Monthly Archives: February 2013
And for many reasons, nowhere was this particularly evident than in Indianapolis at SHA. It was certainly because of connections members of the class had with the Lincoln story: one seminarian came from the Kentucky Historical Society, an institution that provided sound effects for the movie and another from President Lincoln’s Cottage. And, of course, Indiana claims Lincoln as its own.
But the upcoming movie also generated enthusiasm/momentum among the SHA crowd because SHA is where us history geeks convene for three weeks to learn about our craft. And within the curriculum, SHA works to develop leaders for our field.
So when I came across this article referencing Lincoln’s leadership in the New York Times, I thought it particularly apropos to the SHA.
From the intro:
What kind of a leader was Abraham Lincoln? This is a question that has bedeviled every student of Lincoln who has ever considered it, even today, 204 years after his birth. There is virtual consensus that Lincoln was an exemplary leader, but opinion differs on the lessons to be drawn from his leadership. Did he exert features of moral grandeur and heroism necessary to steer the country through its deepest political crisis? Or was he an aspiring tyrant, especially in his use of executive power? Full article here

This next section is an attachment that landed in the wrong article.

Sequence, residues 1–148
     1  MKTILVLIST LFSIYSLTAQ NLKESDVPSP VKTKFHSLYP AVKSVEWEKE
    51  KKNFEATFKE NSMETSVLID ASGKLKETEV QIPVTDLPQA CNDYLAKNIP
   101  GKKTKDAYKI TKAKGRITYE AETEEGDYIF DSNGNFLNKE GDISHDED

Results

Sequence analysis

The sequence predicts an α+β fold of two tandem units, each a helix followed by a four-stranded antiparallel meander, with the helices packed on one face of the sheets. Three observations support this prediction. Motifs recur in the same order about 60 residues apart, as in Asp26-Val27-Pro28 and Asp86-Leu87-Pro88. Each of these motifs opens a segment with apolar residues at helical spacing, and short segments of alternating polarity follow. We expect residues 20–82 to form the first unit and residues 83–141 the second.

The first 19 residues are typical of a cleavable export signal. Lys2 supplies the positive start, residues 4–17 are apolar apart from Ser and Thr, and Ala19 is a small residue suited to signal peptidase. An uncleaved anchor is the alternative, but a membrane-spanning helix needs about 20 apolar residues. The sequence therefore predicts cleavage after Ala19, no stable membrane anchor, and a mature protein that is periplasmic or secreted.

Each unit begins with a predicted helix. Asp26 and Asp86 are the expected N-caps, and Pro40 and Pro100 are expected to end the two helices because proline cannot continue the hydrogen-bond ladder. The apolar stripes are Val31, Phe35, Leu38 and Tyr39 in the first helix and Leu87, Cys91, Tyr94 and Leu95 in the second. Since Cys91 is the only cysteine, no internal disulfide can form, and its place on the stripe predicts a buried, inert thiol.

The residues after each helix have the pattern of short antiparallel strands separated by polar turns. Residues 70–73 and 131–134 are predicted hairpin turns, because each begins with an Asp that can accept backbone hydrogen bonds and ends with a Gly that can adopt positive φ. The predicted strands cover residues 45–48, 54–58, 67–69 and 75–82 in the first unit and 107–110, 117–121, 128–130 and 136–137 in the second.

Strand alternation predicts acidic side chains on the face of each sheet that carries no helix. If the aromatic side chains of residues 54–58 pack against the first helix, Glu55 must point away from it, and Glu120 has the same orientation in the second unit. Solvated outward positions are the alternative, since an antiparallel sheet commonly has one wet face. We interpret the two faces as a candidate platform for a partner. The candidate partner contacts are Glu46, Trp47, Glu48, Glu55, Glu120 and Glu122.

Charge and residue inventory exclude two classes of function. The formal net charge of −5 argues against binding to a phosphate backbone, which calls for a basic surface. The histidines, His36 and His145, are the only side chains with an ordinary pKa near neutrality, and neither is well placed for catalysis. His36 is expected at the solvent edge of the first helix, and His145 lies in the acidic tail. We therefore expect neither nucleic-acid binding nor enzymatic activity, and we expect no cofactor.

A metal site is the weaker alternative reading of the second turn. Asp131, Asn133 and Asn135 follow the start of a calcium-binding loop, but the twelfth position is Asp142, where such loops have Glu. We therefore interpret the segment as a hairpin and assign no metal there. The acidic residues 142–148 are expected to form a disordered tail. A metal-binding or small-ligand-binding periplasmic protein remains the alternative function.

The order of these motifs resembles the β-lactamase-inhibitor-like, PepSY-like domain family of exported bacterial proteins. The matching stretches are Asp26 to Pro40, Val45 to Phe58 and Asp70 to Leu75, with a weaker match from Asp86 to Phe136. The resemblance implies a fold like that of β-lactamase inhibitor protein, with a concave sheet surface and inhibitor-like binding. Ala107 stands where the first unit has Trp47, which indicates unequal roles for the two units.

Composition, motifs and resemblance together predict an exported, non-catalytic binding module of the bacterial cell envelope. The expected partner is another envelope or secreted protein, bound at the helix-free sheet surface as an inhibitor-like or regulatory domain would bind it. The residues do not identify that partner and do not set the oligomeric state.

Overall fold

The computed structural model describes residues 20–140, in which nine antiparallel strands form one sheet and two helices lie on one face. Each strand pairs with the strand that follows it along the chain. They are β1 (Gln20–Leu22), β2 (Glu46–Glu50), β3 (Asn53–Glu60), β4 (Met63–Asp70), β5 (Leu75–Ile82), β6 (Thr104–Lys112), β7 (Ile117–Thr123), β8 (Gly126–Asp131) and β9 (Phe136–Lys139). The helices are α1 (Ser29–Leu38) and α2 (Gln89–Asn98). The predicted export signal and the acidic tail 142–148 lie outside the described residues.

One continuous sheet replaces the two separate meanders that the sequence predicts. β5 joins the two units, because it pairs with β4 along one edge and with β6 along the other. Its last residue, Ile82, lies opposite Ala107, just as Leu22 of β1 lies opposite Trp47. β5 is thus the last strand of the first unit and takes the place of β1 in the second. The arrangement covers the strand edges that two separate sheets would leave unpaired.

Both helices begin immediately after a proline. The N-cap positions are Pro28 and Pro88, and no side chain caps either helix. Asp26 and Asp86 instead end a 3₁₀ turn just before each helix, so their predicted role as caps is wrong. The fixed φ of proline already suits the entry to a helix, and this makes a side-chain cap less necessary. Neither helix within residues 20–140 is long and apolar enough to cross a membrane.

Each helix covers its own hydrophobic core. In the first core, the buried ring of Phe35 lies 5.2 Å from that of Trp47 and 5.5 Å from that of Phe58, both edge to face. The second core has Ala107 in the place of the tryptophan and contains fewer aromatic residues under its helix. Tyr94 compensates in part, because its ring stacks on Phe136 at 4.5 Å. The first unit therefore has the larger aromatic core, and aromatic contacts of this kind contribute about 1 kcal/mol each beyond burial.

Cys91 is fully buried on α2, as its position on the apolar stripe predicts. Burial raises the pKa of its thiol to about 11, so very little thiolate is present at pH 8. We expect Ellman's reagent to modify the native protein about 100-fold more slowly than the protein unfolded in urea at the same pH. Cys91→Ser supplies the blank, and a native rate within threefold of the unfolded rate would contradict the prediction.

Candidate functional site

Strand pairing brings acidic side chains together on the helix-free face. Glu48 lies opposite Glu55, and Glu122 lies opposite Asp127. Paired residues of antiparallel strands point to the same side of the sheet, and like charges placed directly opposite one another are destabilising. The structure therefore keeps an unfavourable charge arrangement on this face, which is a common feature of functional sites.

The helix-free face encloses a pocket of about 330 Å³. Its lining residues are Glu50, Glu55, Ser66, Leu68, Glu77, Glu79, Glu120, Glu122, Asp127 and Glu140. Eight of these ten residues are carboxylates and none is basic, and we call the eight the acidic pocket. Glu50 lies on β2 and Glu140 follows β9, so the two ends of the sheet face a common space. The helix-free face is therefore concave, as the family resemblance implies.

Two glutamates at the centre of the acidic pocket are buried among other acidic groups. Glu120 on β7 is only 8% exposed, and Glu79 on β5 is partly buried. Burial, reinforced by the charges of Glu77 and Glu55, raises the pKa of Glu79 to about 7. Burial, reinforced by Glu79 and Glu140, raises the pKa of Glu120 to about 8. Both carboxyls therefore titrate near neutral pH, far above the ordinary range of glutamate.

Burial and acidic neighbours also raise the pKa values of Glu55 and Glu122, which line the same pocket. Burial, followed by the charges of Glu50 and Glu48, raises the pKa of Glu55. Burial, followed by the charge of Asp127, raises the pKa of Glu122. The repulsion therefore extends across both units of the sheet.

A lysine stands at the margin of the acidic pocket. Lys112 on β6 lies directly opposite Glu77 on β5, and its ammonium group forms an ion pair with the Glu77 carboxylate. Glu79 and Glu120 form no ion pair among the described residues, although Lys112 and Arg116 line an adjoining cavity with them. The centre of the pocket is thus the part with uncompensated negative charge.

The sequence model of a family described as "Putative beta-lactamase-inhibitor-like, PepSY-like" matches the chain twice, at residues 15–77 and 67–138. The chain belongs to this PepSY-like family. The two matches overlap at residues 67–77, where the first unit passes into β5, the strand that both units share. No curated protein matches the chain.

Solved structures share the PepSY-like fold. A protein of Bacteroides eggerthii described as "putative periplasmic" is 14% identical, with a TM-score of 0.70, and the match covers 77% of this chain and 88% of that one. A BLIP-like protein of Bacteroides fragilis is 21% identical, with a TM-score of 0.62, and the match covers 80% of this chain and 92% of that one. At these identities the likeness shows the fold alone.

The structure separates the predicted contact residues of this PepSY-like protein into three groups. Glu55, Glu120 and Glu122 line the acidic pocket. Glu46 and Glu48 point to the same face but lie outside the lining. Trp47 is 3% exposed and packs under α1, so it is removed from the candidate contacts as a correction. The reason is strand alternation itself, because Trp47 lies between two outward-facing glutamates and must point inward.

As you read this, think about your own leadership style. And adapt/relate your circumstances and opportunities to Lincoln’s. No, you’re probably not facing the constitutional crises Honest Abe faced, but you might learn something from how Lincoln managed the doctrine of constitutional self restraint. As Stephen B. Smith wrote in his essay, “It is in this possibility of a leader operating within the limits of constitutional restraint that the hope of our republic rests.”
How do you see your own leadership in these principles?
Last year, Brent Leggs of the National Trust for Historic Preservation (one of the six SHA partners), presented in Indianapolis on Grassroots Leadership. You may remember a previous post here “Be Nimble” about the local historic preservation story of Bethel Cathedral AME Church in Indianapolis. In fact, Brent adapted his SHA curriculum to include Rev. Carey Grady of the church.
I have provided my long-winded intro to inspire you to check out Brent’s latest post on the National Trust’s Preservation Nation blog: “Preserving African-American Historic Places: New Resource Available.”